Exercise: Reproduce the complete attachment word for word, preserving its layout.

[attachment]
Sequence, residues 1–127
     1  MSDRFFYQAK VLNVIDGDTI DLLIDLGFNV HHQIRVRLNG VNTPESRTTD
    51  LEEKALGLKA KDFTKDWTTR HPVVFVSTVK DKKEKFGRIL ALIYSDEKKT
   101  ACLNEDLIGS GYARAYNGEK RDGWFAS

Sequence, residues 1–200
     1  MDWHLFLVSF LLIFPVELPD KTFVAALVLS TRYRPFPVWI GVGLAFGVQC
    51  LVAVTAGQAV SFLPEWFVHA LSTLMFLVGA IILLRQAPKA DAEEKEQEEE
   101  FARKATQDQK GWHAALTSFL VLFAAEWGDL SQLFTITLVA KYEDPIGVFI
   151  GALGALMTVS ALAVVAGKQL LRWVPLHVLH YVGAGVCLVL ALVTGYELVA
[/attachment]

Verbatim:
Sequence, residues 1–127
     1  MSDRFFYQAK VLNVIDGDTI DLLIDLGFNV HHQIRVRLNG VNTPESRTTD
    51  LEEKALGLKA KDFTKDWTTR HPVVFVSTVK DKKEKFGRIL ALIYSDEKKT
   101  ACLNEDLIGS GYARAYNGEK RDGWFAS

Sequence, residues 1–200
     1  MDWHLFLVSF LLIFPVELPD KTFVAALVLS TRYRPFPVWI GVGLAFGVQC
    51  LVAVTAGQAV SFLPEWFVHA LSTLMFLVGA IILLRQAPKA DAEEKEQEEE
   101  FARKATQDQK GWHAALTSFL VLFAAEWGDL SQLFTITLVA KYEDPIGVFI
   151  GALGALMTVS ALAVVAGKQL LRWVPLHVLH YVGAGVCLVL ALVTGYELVA